Guy Sorman, in City Journal, writes:
Humanity thus finds itself divided into two economic categories that Karl Marx never envisioned: not proletarians and capitalists, but rather those who work for local markets and receive local compensation, on one side; and those who, as part of a global market, have access to salaries and profits of planetary dimensions, on the other. Popular resentment of super-wealth tends to be visceral, not rational; it’s not unusual in democratic societies. But confiscatory taxes in the French style, or prohibitions on excess wealth in the Swiss populist manner, can’t restore the balance between local and global sources of wealth. Globalization makes it possible for people and profits to move around beyond any nation-state’s control.
To explain this contemporary super-wealth is not to justify it uncritically: the super-rich are often privileged to find themselves at the right place at the right time. …
It is, therefore, up to the super-rich to seek a kind of forgiveness for what is often (at least partially) as much a matter of chance as it is of unique talents. There is a path to such forgiveness: philanthropy. But only in the United States is philanthropy truly well-developed. The American nonprofit sector, neither capitalist nor socialist, represents 10 percent of the nation’s economic activity. For example, apart from his partisan political efforts, George Soros has devoted $10 billion—half of his total fortune over the last 20 years—to helping dissidents in Central Europe, financing drug-rehabilitation programs in Baltimore, and educating the persecuted Roma people of Hungary. Bill and Melinda Gates give $4 billion annually to develop African agriculture and to eradicate malaria. More recently, the New York financier John Paulson gave $100 million for the upkeep of Central Park, and Stephen Schwarzman, a Wall Street investor, donated $100 million to renovate the New York Public Library and another $100 million to finance scholarships for American students in China. Private giving underwrites almost all American cultural institutions and major universities. By contrast, in Europe, such institutions rely on public money; most are currently starved for funding.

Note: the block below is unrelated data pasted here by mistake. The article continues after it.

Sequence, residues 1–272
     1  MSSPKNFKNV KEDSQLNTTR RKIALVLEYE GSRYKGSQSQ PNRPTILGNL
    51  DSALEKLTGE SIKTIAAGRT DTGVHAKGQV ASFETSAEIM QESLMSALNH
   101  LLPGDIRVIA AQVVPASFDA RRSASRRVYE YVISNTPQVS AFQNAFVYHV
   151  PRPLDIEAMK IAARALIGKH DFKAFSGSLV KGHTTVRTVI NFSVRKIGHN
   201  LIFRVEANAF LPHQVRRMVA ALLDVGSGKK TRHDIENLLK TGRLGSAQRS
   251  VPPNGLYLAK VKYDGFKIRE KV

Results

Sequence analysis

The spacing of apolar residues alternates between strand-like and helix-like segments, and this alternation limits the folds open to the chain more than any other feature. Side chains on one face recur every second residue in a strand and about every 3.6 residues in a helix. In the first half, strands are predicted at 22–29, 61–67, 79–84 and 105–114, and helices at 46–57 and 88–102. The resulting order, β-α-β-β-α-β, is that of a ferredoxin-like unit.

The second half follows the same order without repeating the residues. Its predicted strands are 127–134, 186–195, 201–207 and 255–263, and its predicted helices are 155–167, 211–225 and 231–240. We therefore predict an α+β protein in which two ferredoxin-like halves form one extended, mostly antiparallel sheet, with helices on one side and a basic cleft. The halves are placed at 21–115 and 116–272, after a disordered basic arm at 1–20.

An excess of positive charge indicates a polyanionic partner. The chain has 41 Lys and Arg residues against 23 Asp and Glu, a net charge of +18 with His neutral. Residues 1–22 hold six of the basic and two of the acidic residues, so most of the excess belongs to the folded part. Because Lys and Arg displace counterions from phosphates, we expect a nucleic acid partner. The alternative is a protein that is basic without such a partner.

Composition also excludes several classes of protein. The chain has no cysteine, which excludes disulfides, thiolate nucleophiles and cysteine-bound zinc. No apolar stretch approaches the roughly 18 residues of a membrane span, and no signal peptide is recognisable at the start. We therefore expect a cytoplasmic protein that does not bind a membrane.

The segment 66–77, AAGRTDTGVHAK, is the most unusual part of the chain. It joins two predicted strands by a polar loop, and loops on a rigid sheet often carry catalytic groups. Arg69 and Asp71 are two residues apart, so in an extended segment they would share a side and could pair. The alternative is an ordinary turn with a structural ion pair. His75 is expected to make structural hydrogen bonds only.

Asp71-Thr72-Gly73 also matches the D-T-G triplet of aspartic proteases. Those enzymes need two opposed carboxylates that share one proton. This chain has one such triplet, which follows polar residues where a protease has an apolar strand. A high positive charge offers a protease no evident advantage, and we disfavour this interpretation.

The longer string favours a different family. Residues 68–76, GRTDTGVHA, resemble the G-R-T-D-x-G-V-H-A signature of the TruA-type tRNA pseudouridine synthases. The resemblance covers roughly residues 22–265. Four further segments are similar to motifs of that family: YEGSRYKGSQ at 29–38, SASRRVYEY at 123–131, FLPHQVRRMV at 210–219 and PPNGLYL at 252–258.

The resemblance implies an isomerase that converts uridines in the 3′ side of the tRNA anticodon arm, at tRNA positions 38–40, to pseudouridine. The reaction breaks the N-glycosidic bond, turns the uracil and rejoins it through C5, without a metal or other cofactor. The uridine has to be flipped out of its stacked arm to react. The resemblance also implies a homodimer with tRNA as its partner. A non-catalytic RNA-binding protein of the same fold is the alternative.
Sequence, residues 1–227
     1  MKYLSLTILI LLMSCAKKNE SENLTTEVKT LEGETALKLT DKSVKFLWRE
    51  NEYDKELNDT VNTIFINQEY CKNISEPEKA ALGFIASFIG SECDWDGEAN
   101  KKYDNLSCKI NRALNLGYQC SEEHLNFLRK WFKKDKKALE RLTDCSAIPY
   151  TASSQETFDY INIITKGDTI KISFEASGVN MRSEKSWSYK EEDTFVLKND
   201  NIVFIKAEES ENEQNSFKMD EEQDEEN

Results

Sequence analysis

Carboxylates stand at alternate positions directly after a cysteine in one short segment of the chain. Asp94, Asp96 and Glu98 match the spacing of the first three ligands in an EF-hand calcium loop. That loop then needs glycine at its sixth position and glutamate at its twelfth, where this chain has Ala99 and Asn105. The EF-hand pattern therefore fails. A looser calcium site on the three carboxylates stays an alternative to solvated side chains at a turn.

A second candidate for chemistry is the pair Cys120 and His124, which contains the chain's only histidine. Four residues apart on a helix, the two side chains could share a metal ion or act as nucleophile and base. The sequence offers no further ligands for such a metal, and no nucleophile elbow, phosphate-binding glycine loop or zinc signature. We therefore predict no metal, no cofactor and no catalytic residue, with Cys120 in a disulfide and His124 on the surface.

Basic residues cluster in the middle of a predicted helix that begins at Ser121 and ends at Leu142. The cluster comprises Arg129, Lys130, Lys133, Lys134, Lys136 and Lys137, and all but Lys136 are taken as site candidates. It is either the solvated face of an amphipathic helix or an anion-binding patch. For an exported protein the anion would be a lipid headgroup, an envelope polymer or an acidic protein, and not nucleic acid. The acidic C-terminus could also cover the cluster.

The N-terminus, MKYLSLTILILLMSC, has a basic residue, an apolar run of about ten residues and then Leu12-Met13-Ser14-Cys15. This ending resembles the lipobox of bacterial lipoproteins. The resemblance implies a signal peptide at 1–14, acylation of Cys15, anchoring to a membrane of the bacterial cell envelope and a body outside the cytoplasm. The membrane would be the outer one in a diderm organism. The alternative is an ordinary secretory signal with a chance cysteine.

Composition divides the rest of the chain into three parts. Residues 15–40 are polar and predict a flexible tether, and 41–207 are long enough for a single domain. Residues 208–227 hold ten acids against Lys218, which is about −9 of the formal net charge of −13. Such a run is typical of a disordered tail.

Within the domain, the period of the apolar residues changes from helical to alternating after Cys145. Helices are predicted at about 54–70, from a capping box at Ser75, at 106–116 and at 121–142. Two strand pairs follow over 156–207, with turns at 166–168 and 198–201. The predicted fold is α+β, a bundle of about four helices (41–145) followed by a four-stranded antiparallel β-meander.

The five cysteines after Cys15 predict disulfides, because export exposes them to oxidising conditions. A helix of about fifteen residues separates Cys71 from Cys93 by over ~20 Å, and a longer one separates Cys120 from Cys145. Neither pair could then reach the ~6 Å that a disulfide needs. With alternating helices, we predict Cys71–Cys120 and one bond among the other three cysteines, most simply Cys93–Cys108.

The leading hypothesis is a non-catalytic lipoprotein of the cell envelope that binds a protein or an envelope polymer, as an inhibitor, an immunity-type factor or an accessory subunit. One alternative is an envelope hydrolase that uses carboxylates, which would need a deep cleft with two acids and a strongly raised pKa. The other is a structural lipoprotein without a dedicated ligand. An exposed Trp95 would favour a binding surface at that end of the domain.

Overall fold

As Benjamin Franklin, perhaps the founder of modern philanthropy, wrote in 1740, the goal of philanthropic giving is to change society so as to do away with the need for charity. Thus what is called systematic philanthropy focuses on education, scientific research, and public health. It should be noted that this philanthropic tradition is essentially a Calvinist legacy: according to the Genevan preacher, riches only pass through the hands of the wealthy, who are then supposed to redistribute them. This doctrine led Andrew Carnegie, a century ago, to declare it disgraceful to die rich.